Above: Adolph Menzel's "The Iron Rolling Mill" - 1875
What's Wrong (and Right) With Cicero's Religion? - Tiernan Kane J.D.
Friday, June 1st at 12:15pm at Our Offices - Lunch is Provided
For two thousand years, Cicero's reflections on religion have been a subject of debate. Some scholars have identified the Roman statesman (and priest) as a philosophical opponent of religion. Others have deemed him its anti-philosophical proponent. Still others have resolved that we cannot know Cicero's personal view of the matter. None of these positions hits the mark, though. Instead, the weight of the evidence establishes Cicero as a philosophical proponent of religion. This is not to say that his reasoning is flawless; indeed, an inadequate grasp of transcendence critically mars the effort. What Cicero provides, however, is some indication that religion is a universal human good, accessible to natural reason, at least in principle. This makes Cicero's work quite relevant to understanding the nature of religious liberty--the subject of another longstanding debate, as lively as ever today.
Tiernan Kane recently earned his J.D. from Harvard Law School, and he is a Ph.D. student in political science at the University of Notre Dame
Restoring Mary Wollstonecraft's Moral Vision - Erika Bachiochi J.D.
Friday, June 8th at 12:15pm at Our Offices - Lunch is Provided
Mary Wollstonecraft’s best-known work, the Vindication of the Rights of Woman, was written in 1792, just two years after she published the Vindication of the Rights of Man, the most widely read critique of Edmund Burke’s famous 1790 defense of the English monarchy. Unlike most of her contemporaries, Wollstonecraft’s defense of rights was inspired by an ancient view of the human person, one which exalted the common human pursuit of wisdom and virtue above all else. She thus offered a unique synthesis of ancient wisdom and modern political insight, correcting errors she saw among philosophers of her day, and proposing a program that in its fullness remains still yet untried today. Wollstonecraft’s ancient-modern synthesis, and its notable application in her vision of sex and marriage, serves as an especially sharp corrective to conceptions of freedom as autonomy today.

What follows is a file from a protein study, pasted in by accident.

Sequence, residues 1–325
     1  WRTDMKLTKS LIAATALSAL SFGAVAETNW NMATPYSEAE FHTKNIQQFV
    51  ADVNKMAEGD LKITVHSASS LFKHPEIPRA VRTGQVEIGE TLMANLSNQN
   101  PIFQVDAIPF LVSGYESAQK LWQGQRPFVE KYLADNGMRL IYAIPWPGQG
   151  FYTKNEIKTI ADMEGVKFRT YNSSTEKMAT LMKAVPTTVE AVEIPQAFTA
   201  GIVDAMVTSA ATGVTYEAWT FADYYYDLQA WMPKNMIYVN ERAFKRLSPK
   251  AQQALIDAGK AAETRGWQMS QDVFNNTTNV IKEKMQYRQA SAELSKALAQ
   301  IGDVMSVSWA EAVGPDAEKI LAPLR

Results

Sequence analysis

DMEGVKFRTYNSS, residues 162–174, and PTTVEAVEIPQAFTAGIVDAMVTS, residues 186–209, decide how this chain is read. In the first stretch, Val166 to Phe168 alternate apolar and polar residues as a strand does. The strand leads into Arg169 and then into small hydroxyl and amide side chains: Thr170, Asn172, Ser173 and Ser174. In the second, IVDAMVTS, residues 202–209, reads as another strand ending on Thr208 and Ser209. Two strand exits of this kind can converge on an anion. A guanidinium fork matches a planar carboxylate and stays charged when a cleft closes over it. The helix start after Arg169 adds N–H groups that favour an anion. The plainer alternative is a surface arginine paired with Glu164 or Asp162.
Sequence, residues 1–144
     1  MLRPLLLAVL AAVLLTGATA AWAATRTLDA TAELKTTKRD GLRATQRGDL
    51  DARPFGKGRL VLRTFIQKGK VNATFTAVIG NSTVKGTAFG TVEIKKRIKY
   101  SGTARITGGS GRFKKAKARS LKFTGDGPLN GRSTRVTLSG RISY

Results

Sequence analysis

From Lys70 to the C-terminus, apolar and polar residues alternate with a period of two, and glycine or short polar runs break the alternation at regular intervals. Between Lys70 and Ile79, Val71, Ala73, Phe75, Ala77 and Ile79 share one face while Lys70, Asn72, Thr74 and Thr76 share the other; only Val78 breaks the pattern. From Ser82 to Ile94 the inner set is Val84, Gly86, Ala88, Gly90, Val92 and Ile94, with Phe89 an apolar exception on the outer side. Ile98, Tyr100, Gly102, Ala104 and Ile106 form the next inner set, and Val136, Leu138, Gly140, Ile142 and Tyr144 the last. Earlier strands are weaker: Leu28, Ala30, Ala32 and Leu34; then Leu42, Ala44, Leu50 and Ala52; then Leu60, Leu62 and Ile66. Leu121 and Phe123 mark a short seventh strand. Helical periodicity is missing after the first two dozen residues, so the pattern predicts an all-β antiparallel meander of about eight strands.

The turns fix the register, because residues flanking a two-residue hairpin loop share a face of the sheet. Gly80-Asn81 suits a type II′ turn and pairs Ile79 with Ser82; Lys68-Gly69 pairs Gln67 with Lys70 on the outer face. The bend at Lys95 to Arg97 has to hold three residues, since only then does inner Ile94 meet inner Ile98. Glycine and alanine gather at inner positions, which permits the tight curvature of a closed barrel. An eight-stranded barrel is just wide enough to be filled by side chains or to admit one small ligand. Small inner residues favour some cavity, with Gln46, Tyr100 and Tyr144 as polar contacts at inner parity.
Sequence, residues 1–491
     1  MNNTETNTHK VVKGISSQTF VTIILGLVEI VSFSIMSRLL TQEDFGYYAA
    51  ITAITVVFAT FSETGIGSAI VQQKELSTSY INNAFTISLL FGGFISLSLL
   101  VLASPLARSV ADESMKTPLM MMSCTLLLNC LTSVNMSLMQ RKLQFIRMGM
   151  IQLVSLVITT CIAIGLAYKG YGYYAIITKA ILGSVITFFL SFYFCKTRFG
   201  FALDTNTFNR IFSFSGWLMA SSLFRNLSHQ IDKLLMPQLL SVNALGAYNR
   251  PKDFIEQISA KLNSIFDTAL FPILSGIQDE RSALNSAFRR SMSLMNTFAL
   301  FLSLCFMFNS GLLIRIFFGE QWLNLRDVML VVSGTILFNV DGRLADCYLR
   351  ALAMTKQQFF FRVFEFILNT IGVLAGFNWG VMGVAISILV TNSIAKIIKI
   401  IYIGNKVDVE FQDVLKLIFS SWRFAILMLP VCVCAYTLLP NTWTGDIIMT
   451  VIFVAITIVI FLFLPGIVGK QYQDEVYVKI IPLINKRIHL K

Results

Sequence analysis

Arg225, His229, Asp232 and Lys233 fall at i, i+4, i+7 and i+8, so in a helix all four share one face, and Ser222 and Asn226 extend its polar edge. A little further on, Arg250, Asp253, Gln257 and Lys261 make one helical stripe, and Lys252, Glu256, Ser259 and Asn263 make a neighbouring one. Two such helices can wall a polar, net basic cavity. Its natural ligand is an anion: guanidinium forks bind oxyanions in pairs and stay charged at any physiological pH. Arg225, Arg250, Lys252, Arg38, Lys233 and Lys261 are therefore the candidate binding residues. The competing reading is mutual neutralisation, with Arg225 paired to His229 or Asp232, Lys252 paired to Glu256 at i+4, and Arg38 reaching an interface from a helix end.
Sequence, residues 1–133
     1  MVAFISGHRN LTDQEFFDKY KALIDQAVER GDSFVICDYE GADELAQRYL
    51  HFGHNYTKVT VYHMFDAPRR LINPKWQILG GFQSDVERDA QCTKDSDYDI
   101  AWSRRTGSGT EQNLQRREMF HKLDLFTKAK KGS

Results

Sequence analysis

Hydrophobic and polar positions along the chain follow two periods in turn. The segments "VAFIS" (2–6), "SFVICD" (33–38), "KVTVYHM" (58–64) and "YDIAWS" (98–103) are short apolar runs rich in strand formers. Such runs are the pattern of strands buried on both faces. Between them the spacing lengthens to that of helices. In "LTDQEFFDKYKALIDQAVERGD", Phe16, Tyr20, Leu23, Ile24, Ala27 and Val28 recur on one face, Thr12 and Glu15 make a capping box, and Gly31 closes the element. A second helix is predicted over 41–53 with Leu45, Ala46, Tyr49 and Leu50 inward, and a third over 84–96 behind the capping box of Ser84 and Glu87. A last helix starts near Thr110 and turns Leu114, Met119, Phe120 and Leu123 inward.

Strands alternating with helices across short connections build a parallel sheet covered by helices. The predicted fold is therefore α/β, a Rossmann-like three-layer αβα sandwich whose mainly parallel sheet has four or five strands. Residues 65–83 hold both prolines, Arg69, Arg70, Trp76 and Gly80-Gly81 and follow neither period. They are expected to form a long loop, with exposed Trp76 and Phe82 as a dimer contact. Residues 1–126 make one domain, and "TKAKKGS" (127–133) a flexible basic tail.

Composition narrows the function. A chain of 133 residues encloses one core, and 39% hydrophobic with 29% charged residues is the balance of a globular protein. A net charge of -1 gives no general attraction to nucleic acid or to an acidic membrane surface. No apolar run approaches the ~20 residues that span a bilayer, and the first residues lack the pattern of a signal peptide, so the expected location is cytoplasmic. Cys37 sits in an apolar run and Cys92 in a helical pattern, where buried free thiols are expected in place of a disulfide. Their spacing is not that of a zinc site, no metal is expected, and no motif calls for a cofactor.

Erika Bachiochi is a Visiting Scholar at Harvard Law School, a Research Scholar at the Abigail Adams Institute, and a Fellow at the Ethics & Public Policy Center
Two Loves Created Two Cities - Fr. Daniel P. Moloney Ph.D.
Friday, June 15th at 12:15pm at Our Offices - Lunch is Provided
St. Augustine wrote that the earthly city of Man was created by the love of self to the contempt of God, while the Christian city of God was created by the love of God even to the contempt of self. Today's economics textbooks, political liberalism, and rational choice theory more generally assume self-love as the basis for modern society, and praise self-interest, profit-seeking, and luxury spending as social goods. Three historically-minded critics of capitalism--Alisdair MacIntyre, Brad Gregory, and David Cloutier--have recently tried to tell the story of how this current doctrine developed. Their accounts suggest ways that the ancient and Christian critiques of the moral psychology behind capitalism can show why our current social and economic policies regarding the "pursuit of happiness" are producing such widespread unhappiness and discontent.
Fr. Daniel P. Moloney holds degrees from Yale, Notre Dame, and the Pontifical University of the Holy Cross and has been the Catholic chaplain at MIT since June 2015. Prior to entering the priesthood Fr. Moloney taught in the philosophy department at Notre Dame, in the politics department of Princeton, and in the theology department of the Catholic University of Seoul, South Korea.